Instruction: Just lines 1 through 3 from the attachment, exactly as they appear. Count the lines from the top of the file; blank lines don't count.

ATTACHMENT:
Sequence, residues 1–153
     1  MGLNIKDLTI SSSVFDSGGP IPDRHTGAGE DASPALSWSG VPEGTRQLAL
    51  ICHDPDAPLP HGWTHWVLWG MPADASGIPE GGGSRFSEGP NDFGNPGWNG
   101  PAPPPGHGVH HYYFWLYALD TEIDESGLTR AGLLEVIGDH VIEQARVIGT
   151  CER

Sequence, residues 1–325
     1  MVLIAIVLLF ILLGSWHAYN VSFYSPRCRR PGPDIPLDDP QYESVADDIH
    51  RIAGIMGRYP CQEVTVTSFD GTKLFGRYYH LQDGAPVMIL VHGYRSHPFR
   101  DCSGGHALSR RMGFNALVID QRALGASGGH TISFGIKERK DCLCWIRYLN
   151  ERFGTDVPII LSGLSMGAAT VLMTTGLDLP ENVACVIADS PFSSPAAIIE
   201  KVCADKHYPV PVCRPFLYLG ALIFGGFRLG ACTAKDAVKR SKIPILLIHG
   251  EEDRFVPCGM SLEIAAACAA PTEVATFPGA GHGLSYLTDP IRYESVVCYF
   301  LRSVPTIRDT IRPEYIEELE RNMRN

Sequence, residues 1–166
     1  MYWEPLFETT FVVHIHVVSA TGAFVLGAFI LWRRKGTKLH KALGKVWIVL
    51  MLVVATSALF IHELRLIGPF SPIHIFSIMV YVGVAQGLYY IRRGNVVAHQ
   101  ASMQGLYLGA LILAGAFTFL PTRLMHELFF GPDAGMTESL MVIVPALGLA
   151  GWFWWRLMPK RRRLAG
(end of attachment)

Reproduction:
Sequence, residues 1–153
     1  MGLNIKDLTI SSSVFDSGGP IPDRHTGAGE DASPALSWSG VPEGTRQLAL
    51  ICHDPDAPLP HGWTHWVLWG MPADASGIPE GGGSRFSEGP NDFGNPGWNG